To fail to challenge the Fourth Circuit’s ruling would be to let down public school educators the length and breadth of the U.S., and especially in Virginia, during a time when they need support more than ever. In addition, to roll over in the face of costly and unfair lawsuits would be an irresponsible use of taxpayer dollars and would set a worrying precedent for school divisions facing similar lawsuits now and in the future.

However, Public Justice says the school board’s position is at odds with its claims to support students’ safety and civil rights, essentially suggesting that schools can only be held liable for sexual violence if it reoccurs.

“[FCPS] has now asked the Supreme Court to gut crucial protections for Jane Doe, for Fairfax students, and for young survivors across the country, pushing a misinterpretation of Title IX that the U.S. Department of Justice has called ‘absurd,'” Public Justice staff attorney Alexandra Brodsky said by email. “We are confident, though, that the Court will deny the cert petition and Jane will have the chance to be heard by a jury.”

Brodsky added that Doe isn’t seeking to hold FCPS responsible for the assault itself, but rather, for how it responded to her report.

Public Justice has not filed a response to the school board’s petition yet. The Supreme Court docket shows that a motion to extend the deadline for a response to April 8 was granted on Tuesday (Jan. 11).

Shatter the Silence Fairfax County Public Schools, a nonprofit that says it was founded by survivors, parents, and FCPS students, has launched a petition demanding that the school board drop its appeal.

“We the citizens demand that FCPS withdraw the baseless appeal in Doe v. Fairfax County School Board and appropriately respond to sexual assault in school,” the petition says. “Since FCPS continues its culture of cover-up and indifference, we ask the Virginia Attorney General and the Department of Justice to open a civil rights investigation into FCPS and bring accountability once and for all.”

Photo via Geoff Livingston/Flickr

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Fairfax County Public Schools Superintendent Scott Brabrand discusses plans to manage potential surges in COVID-19 infections when schools reopen (via FCPS/YouTube)

Updated at 4:05 p.m. — Fairfax County Public Schools will be closed again tomorrow (Friday) due to tonight’s anticipated snowfall, using its last allotted traditional snow day.

Fairfax County Public Schools reiterated its commitment to in-person instruction today (Thursday), even as it acknowledges that surging COVID-19 cases will likely result in staffing shortages.

In a message sent to families and staff, Superintendent Scott Brabrand shared a plan for managing the anticipated strain on teachers and other staff and minimizing potential disruptions once classes resume after winter break, which has now been extended by four days due to the snowy weather.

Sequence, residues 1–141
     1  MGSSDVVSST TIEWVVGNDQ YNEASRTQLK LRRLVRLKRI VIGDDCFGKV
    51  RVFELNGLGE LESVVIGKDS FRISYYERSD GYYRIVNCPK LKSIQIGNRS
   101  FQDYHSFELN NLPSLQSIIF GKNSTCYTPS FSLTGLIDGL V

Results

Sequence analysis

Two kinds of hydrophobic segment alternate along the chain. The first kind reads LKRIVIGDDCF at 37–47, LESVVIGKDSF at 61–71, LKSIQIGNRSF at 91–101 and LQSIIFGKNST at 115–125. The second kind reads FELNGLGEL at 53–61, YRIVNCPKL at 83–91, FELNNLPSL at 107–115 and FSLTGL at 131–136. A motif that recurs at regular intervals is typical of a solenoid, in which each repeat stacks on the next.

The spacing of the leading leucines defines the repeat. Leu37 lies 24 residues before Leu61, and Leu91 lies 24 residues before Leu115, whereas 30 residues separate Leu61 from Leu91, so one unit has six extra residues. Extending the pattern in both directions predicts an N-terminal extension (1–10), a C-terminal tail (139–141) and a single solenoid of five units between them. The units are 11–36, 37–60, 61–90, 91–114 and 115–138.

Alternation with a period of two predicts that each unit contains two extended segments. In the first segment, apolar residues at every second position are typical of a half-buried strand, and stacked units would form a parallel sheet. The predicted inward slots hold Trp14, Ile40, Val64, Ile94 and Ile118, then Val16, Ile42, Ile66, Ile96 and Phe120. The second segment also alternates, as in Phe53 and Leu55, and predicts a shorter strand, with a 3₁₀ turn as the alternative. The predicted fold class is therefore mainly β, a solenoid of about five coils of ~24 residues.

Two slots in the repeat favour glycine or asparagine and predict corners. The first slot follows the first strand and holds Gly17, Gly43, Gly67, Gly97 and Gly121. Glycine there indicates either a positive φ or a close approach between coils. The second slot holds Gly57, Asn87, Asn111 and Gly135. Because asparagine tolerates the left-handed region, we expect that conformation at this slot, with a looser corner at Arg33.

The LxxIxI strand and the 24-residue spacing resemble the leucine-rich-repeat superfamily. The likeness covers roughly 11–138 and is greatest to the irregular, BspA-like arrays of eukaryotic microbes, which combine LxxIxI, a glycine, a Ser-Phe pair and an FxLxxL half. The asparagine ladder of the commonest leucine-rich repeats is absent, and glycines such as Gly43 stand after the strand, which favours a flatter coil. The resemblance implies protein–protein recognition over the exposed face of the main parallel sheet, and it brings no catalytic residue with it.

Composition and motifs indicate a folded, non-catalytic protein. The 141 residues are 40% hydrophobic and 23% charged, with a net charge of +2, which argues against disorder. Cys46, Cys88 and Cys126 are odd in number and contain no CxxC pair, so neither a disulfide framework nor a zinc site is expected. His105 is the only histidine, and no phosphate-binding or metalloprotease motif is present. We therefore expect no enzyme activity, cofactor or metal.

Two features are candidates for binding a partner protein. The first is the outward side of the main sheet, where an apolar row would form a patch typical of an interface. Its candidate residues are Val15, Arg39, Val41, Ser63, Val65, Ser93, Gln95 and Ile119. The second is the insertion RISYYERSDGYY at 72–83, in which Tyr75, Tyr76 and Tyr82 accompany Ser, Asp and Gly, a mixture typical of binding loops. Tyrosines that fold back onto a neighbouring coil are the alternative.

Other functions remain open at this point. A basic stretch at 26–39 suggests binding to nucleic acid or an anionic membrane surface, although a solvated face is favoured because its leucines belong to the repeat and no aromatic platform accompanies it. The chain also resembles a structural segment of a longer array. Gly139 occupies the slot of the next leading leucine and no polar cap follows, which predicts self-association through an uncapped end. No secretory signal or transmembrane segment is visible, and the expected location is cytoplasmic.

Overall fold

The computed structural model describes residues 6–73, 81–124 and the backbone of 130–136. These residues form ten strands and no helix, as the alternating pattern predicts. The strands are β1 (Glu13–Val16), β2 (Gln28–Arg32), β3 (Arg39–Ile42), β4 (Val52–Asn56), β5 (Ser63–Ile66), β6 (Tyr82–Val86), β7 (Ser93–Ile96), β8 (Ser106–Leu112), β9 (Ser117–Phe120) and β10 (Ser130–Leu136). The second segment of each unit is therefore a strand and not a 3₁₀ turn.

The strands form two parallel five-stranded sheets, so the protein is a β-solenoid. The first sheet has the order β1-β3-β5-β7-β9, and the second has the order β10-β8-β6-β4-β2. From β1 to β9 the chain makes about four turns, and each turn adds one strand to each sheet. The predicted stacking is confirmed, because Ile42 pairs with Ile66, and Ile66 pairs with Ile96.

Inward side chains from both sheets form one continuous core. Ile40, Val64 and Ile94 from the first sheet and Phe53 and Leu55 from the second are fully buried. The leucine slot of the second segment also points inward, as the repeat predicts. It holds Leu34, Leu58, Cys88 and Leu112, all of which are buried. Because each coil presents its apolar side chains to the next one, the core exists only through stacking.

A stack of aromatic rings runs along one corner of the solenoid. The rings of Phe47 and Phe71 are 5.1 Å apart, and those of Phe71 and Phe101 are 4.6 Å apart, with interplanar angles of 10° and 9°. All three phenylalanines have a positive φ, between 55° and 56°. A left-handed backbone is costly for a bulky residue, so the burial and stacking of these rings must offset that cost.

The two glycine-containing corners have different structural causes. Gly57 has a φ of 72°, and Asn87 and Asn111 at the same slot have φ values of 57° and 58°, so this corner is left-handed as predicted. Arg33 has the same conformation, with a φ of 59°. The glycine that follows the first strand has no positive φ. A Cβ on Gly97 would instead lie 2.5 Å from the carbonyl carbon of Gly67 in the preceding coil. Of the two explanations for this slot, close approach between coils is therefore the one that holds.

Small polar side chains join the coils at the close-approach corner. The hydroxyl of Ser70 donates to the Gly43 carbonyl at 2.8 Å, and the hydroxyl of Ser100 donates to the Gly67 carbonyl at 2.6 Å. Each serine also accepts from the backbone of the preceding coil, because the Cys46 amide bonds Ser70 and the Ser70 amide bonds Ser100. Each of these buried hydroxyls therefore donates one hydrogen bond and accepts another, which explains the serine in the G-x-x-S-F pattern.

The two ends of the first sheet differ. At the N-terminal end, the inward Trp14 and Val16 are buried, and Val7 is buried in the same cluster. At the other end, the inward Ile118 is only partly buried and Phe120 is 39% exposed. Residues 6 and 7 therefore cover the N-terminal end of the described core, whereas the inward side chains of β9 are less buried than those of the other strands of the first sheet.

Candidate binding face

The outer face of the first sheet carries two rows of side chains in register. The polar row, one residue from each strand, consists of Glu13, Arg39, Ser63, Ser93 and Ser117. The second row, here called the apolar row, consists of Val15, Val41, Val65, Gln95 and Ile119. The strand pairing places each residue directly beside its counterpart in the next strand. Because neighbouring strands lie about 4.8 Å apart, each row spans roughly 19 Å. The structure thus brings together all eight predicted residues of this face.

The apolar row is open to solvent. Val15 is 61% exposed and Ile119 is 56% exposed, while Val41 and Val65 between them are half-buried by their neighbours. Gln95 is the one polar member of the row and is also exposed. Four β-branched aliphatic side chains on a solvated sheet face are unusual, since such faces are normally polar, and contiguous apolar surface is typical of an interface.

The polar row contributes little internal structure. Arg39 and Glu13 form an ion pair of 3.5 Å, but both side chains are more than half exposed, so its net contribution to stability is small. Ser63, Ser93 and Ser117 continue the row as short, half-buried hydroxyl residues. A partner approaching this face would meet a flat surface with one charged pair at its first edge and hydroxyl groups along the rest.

“These weeks ahead will challenge us all and we need to work together,” Brabrand said in a video. “We must expect that things will change often and we must be flexible. Most importantly, we must be understanding, patient, and come from a common expectation that this is not business as usual.”

With classroom supervision as a priority, FCPS plans to fill teacher vacancies with substitutes, other faculty or staff members, and volunteers with teaching experience from its central office and management staff.

However, if no one is available to cover for an absent teacher, schools could have one teacher lead two classes or combine multiple classes under a supervisor for asynchronous learning, where students work on assignments independently.

If as many as 11 to 25% of classrooms at a particular school have no dedicated teacher, the entire school would shift to asynchronous instruction, with students getting the option to access lessons in person or from home.

FCPS notes that it may not always be possible to continue providing a livestreaming option that was introduced in the fall for students who are required to pause, quarantine, or isolate due to a COVID-19 exposure or positive test.

Staffing shortages are expected to affect other school operations as well, particularly transportation. An unusually high deficit in bus drivers resulted in delays of up to an hour when the 2021-2022 academic year started in September.

“Expect that there will be delays in bus routes with more double-backs that may mean students will arrive after the bell,” FCPS says. “Schools will adjust instruction to ensure that no child is missing important classroom time.”

FCPS advises parents to drive their children to school or have them walk or bicycle if possible. The school system now has an app that tracks bus delays.

FCPS says meal services have not been affected so far, but if there are increased staff absences, it could switch to bagged lunches, rather than the usual cafeteria menus.

FFXnow asked FCPS for the number of teacher and other staff vacancies it currently has, but did not receive a response by press time.

“We will reassess, adapt, and adjust if needed,” Brabrand said. “I have faith that our FCPS family can and will get through this together.”

Health protocols implemented last year, including mask requirements, will remain in place, but FCPS is not requiring COVID-19 testing or vaccinations for students, though the latter is strongly recommended for those who are eligible.

While FCPS reported relatively low COVID-19 infection rates last month, cases among students, staff, and visitors jumped from 631 in November to 1,312 in December. There have been 25 new cases reported this month, as of Jan. 5, including 13 staff infections and 11 among students.